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Wednesday newspaper round-up: Bank of England, US credit rating, Shoplifters

(Sharecast News) - The Bank of England should carry out an interest rate rise of a quarter of a percentage point tomorrow to keep control of stubbornly high inflation, The Times shadow monetary policy committee has argued. An overwhelming majority of the shadow MPC voted by 8-1 in favour of a 25-basis-point increase to the base rate this month, a step down from the rise of half a percentage point that the Bank was forced to carry out in June, when wage growth accelerated more than expected. The Bank rate is 5 per cent at present, the highest level since 2007. - Sunday Times Rating agency Fitch downgraded the US government's top credit rating on Tuesday, a move that drew an angry response from the White House and surprised investors. Fitch downgraded the United States to AA+ from AAA, citing fiscal deterioration over the next three years and repeated down-the-wire debt ceiling negotiations that threaten the government's ability to pay its bills. It is the second major rating agency after Standard & Poor's to strip the US of its triple-A rating. - Guardian

Shoplifters are overrunning retailers and avoiding public rebuke because politicians have accused supermarkets of profiteering, the chief executive of Co-op Food has said. Matt Hood said there has been a surge in crime at his stores and that he was "disappointed" people were defending looters after MPs criticised rip-off prices. Co-op, which runs 2,500 outlets, recently released figures showing police were not responding to more than 70pc of call-outs over serious crimes in its stores. - Guardian

The TUC has urged the Bank of England to call a halt to interest rate increases after warning that widespread job losses in recent months have left the UK "teetering on the brink of recession". Employment had fallen in more than half of Britain's 20 industrial sectors in the three months to June, the union body said as it predicted a fresh increase in the cost of borrowing would put tens of thousands more livelihoods at risk. - Guardian

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Sunday newspaper round-up: Middle East, Aston Martin, Defence
(Sharecast News) - Britons must accept that their country was now involved in the Middle East conflict, Tobias Ellwood said. The former defence minister warned that "nobody was in full control" of the growing conflict as more and more countries were sucked in. Ellwood also said that Tehran's strike had taken the conflict into a "new dangerous territory". - Sunday Telegraph
Friday newspaper round-up: Everton, AstraZeneca, Amazon
(Sharecast News) - Everton has paid about £30m in interest charges to an opaque lender associated with a tax exile, corporate records suggest. The charges appear to have reached about £438,000 a week, according to the troubled Premier League club's most recent set of accounts, a figure more than three times the reported wages of the Everton and England goalkeeper Jordan Pickford. - Guardian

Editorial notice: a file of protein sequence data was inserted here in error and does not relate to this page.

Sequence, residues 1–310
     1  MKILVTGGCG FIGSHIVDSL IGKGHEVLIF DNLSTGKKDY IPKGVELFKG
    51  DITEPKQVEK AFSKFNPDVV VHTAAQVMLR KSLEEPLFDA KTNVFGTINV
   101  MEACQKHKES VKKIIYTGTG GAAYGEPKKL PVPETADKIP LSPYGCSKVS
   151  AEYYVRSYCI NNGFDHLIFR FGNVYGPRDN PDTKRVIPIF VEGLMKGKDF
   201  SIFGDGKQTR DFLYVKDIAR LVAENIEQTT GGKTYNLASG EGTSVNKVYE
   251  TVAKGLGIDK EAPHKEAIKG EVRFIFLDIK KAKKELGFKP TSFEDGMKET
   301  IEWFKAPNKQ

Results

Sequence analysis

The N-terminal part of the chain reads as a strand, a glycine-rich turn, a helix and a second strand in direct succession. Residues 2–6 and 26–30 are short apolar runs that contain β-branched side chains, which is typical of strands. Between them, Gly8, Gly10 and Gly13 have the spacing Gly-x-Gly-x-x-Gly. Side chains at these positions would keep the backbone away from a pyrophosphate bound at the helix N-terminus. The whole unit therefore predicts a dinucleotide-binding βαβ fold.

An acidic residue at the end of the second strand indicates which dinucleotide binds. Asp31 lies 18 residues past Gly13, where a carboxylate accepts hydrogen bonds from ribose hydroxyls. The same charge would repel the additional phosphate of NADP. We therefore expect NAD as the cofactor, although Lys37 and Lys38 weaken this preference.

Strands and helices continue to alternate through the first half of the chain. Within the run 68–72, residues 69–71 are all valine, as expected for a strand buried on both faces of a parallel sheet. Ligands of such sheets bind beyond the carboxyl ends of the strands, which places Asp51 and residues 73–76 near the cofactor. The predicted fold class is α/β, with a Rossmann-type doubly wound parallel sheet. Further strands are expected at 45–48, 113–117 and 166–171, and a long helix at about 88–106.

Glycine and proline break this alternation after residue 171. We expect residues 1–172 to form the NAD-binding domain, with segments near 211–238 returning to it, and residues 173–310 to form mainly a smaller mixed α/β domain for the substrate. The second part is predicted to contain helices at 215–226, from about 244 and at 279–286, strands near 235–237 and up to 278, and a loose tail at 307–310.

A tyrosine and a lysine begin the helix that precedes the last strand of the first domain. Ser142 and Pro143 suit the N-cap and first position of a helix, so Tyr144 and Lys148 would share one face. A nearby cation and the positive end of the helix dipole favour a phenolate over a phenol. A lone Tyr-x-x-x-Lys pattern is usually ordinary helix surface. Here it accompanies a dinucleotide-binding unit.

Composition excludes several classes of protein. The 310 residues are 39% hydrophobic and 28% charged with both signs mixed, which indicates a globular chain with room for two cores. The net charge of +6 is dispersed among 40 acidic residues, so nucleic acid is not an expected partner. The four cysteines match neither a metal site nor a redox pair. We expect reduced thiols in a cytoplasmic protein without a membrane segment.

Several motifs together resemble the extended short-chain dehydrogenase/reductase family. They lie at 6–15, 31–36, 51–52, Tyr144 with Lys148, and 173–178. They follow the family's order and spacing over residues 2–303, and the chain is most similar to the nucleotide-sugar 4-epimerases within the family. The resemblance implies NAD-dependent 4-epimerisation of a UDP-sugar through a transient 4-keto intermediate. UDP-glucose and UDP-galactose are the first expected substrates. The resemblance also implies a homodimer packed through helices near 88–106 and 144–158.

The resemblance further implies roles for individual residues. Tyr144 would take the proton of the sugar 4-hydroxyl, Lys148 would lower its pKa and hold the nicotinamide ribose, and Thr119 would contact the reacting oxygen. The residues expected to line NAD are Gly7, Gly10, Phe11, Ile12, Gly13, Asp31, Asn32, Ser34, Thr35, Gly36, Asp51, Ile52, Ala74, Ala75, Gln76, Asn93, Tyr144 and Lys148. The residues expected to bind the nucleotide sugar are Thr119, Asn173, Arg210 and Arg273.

Thursday newspaper round-up: Border controls, McKinsey, KPMG
(Sharecast News) - New post-Brexit UK border controls coming into force later this month will cost British businesses £2bn and fuel higher inflation, according to a report warning that UK-EU trade will be damaged as a result. With less than a month before the introduction of new checks on animal and plant products from 30 April, the insurer Allianz Trade said the controls agreed under Boris Johnson's Brexit deal could add 10% to import costs over the first year. - Guardian
Wednesday newspaper round-up: Shoplifting, EnQuest, Klarna
(Sharecast News) - The government is investing more than £55m in expanding facial recognition systems - including vans that will scan crowded high streets - as part of a renewed crackdown on shoplifting. The scheme was announced alongside plans for tougher punishments for serial or abusive shoplifters in England and Wales, including being forced to wear a tag to ensure they do not revisit the scene of their crime, under a new standalone criminal offence of assaulting a retail worker. - Guardian

Important information: This information is not a personal recommendation for any particular investment. If you are unsure about the suitability of an investment you should speak to one of Fidelity’s advisers or an authorised financial adviser of your choice. When you are thinking about investing in shares, it’s generally a good idea to consider holding them alongside other investments in a diversified portfolio of assets. Past performance is not a reliable indicator of future returns.

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